Selective door operation
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Selective Door Operation, also called Selective Door Opening (or SDO) is a mechanism employed primarily on trains (although buses with multiple doors also generally have this feature) that allows the Driver or Conductor/Guard to open the doors of a train separately.
Purpose and operation of SDO
Selective Door Operation (SDO) is a system used by trains for the safe operation of the passenger doors at short station platforms. The term Selective Door Operation is used mainly in the United Kingdom; some train operating companies used the term ‘Door De-Select’. A version of this is used in other countries and on other rail systems such as the London Underground.
To simplify, some trains that call at certain railway stations are too long for the platform. This caused an operational headache on old stock but was solved by Selective Door Operation. The Guard or Driver can choose which doors are to be opened so as not to allow passengers to disembark from carriages not standing at the platform.
In the UK various trains, either multiple units or coaches, have variations of the Selective Door Operating system. This usually depends on what the specific train operating company and/or train leasing company required, either at time of purchase or a later modification to an existing train to keep up to date with regulations. Examples of these variations are as follows:
- Most Class 170 Turbostar units, with certain exceptions like the 170 Mark 1, are fitted with SDO. This when operated de-selected all carriages behind the location in the carriage which the train doors are being operated, so the Guard can operate the SDO, allowing any length of train to occupy the platform as long as it can take one carriage.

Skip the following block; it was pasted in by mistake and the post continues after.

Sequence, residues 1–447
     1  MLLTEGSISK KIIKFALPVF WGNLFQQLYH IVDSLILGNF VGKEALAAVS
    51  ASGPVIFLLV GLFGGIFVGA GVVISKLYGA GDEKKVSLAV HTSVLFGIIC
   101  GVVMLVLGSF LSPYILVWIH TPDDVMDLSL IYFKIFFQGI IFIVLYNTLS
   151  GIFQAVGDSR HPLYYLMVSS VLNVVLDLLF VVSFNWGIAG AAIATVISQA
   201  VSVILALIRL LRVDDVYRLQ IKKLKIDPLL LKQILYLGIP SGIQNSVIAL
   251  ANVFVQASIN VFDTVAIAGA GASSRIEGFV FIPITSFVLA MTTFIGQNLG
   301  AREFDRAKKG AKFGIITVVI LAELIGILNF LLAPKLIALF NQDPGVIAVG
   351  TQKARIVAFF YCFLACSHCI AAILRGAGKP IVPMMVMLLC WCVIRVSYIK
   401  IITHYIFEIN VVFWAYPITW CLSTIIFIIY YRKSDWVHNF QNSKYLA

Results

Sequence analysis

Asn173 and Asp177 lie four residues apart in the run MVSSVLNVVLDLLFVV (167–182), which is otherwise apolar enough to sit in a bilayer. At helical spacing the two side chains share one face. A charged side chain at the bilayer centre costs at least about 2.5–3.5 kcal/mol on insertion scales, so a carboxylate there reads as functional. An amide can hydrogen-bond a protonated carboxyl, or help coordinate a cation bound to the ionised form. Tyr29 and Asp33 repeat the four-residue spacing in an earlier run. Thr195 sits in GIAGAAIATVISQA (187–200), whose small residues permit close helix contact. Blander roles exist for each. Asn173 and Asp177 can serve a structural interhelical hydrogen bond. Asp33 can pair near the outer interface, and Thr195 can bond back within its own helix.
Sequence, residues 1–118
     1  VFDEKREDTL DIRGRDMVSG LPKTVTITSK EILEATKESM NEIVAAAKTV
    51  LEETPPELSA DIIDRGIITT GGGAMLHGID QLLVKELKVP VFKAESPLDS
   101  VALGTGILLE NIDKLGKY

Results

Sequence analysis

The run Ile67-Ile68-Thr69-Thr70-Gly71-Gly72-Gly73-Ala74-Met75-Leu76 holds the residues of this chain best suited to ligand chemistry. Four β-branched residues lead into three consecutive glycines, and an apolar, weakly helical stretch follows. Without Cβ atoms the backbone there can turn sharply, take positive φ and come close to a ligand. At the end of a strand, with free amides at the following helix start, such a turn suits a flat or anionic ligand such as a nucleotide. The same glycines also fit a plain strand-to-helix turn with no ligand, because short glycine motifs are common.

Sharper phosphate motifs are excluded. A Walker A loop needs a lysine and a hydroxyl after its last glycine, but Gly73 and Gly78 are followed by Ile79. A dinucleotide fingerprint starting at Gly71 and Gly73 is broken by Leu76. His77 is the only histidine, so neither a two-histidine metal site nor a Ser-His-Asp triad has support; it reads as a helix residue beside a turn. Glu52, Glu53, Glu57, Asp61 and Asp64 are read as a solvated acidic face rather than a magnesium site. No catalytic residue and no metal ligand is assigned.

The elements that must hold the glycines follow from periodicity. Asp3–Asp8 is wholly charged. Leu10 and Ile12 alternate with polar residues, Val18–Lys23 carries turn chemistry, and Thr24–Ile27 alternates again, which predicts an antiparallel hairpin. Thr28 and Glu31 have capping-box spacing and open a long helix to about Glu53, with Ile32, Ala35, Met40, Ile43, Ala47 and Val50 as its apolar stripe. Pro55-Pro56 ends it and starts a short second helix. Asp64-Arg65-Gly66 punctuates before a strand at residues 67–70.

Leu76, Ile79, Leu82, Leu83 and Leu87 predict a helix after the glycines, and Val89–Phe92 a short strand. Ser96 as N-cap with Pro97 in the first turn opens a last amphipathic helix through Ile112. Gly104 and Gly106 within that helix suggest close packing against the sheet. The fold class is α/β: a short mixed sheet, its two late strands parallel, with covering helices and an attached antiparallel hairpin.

- Former Midland Mainline Class 170 mark 1 Turbostar Units were fitted with SDO. This was unusual in the fact it required the Driver to run the leading coach off the platform. The Driver then operated the SDO system before releasing the train doors. The result was the leading carriage only was de-selected. The Guard then closed the doors from an appropriate location. These units are currently in use with Cross Country Trains, without any need for this form of SDO.
- Class 350, 444 and 450 Desiro electric multiple units use a system call Unit De-Select. This allows the Guard of the train to de-select an entire unit on a train while they are in working in multiple from one of the driving cabs, meaning that an 8 coach 350 or 450 set for example, made up of two units as each unit has 4 coaches, can have one set de-selected. The Class 444 is made up of 5 coaches per unit but the principle is the same.
- First Great Western High Speed Train sets have SDO at almost all door locations. These trains are of the slam door variety and fitted with the Central Door Locking system. The Guard operates the SDO system from most door control panel throughout the train. The Guard can then either de-select doors in front of that location or behind.
- Most Electrostars (Bombardier built) Class 375, 377, 378 and 379 have SDO systems fitted and operate in the South eastern region of the country. All these vehicles' SDOs are controlled / operated by Global positioning satellite (GPS) systems. The Class 377s in use on Southern and Thameslink networks have an additional Tracklink II system to augment the GPS system. The Tracklink II system consists of a balise fitted at short platform stations which sends specific data to the passing Class 377 showing exactly which station it is approaching and the length of the platform that it is entering. The Tracklink II system is required due to GPS not being accurate enough to determine exactly which platform the train is entering at a multi-platform station.
Control by GPS
Many modern Selective Door Opening (SDO) systems are operated / controlled by global positioning satellites (GPS), which locate the train at the specific station. As the train pulls into to the station the GPS identifies the train's positioning and tells the SDO control (which is located on the train) what station it is currently at. This then enables the correct side of the train and enables the doors on the correct number of coaches to be opened, thus aligning the length of the platform.
Local door operation
Selective Door Operation should not be confused with Local Door Operation (LDO), used on many trains for the benefit of train crew and other staff. It could be argued that SDO and LDO are essentially the same system, but in terms of the railway Rule Book they are treated separately.